Single parents who share their accommodation ONLY with their recipient child (1.1.R.84) are exempt from sharers provisions.
If a single parent and their RECIPIENT child share their accommodation with a third party, then the exemption does NOT apply to anyone in the household, and the sharer provisions DO apply.
Example: Jenny rents her house for herself and her recipient child Louise. Because they have Adam as a sub-tenant, the sharer provisions apply to all of them.
If a single parent shares accommodation with one or more DEPENDENT children (1.1.D.70) and a third party, the exemption only applies to the parent with their dependent children. That is, the third party is assessed as a sharer.
If a single parent shares accommodation with one or more INDEPENDENT children who receive a wage or salary, then all occupants are classed as sharers.
Act reference: SSAct section 5A Single person sharing accommodation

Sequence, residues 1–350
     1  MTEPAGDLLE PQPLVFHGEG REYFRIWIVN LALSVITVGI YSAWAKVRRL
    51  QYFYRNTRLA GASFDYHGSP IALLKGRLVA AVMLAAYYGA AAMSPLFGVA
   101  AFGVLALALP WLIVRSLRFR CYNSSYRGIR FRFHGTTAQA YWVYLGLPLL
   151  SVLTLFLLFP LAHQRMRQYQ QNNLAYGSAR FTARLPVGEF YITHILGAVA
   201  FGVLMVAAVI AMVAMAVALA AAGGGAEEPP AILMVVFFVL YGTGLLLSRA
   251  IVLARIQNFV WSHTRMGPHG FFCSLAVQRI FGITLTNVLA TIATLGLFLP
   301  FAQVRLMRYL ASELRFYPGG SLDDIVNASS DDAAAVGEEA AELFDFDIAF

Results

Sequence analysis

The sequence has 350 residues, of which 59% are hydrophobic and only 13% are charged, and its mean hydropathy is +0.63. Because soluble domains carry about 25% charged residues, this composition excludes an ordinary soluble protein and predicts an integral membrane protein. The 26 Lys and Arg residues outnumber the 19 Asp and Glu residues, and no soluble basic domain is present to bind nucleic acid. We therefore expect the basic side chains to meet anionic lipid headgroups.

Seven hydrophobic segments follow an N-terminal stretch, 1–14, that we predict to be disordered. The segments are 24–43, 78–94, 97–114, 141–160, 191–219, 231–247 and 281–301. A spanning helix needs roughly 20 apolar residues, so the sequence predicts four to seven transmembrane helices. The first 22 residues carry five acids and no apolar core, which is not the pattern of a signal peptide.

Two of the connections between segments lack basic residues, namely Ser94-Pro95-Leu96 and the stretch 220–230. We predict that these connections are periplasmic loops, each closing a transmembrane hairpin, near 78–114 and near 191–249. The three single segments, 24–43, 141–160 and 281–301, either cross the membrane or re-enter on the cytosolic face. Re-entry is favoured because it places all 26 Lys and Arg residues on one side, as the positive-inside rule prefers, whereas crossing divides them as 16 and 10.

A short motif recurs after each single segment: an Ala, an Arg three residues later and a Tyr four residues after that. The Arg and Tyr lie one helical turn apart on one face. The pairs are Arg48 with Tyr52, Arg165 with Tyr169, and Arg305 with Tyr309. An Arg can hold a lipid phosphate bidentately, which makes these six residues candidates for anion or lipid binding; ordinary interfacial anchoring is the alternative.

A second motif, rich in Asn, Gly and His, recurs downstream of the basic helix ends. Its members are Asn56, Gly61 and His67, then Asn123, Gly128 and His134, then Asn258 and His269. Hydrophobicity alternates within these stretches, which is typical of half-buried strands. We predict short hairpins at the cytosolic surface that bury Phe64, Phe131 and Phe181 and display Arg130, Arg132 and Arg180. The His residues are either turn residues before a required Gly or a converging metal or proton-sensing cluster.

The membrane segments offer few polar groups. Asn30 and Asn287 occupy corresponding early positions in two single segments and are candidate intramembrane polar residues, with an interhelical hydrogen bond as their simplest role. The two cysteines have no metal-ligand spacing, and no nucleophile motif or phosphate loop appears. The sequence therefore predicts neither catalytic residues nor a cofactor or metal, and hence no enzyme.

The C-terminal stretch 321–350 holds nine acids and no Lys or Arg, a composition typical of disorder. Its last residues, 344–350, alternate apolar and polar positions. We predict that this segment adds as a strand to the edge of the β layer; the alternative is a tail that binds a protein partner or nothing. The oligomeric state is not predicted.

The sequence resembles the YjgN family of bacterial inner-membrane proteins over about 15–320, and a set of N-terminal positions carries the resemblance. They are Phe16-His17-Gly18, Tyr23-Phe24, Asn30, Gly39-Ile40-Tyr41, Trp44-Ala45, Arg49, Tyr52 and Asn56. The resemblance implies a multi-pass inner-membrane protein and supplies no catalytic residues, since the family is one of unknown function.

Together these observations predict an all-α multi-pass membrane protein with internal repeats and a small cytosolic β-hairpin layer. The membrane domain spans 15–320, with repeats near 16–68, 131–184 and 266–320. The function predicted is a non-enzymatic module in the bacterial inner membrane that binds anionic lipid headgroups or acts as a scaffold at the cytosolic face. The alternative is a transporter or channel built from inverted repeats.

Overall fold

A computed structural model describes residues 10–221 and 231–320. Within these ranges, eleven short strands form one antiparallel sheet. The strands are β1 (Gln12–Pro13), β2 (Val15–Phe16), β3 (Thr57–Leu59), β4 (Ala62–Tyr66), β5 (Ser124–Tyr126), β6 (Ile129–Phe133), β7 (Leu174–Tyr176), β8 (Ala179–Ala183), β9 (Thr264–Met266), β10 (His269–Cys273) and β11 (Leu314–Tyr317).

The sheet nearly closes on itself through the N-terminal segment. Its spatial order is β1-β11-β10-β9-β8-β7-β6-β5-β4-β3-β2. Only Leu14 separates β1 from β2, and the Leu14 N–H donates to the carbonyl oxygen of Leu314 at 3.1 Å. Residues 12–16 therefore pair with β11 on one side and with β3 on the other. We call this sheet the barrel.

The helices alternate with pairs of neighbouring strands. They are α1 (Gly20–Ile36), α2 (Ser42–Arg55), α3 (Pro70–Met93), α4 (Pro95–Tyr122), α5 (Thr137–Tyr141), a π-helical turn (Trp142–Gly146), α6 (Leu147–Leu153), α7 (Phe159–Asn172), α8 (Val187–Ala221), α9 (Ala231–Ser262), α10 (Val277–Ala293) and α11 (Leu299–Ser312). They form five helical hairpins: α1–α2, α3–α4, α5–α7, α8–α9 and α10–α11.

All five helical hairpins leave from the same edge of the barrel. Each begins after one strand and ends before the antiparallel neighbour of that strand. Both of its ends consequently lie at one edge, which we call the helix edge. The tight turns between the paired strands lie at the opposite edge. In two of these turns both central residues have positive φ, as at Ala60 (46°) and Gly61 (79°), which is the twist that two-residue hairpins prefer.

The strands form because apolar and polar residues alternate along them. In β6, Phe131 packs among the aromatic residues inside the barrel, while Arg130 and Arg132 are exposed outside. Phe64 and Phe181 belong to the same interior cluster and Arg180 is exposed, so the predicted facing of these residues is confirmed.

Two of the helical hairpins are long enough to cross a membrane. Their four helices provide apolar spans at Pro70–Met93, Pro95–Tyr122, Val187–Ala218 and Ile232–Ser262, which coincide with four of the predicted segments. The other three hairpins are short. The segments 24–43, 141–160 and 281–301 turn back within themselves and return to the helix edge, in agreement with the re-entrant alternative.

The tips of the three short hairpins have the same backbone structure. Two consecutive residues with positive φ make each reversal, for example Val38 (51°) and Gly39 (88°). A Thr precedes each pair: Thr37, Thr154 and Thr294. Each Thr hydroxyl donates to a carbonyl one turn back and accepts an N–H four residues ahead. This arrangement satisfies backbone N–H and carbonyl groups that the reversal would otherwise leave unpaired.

Policy reference: SS Guide 220.127.116.11 Special RA Rules for Couples & Families with Children
A single boarder and lodger is classed as a private lodger, and may be assessed as a sharer IF they:
Example 1: A single income support recipient living in a hostel where regular meals are provided as part of the accommodation arrangements. This recipient would be treated as a boarder and lodger, NOT as a sharer.
Example 2: A single income support recipient living in a boarding or lodging house, sharing a major area of accommodation with others as a lodger, and not receiving regular meals as part of the accommodation arrangements. This recipient WOULD be treated as a sharer because they share a major area of accommodation with others, BUT would be exempted from the sharers rate of RA if they live in exempt accommodation.
A number of examples that serve as a quick reference to assessing a recipient against the sharers provisions, can be found in 18.104.22.168.
Last reviewed: 12 August 2013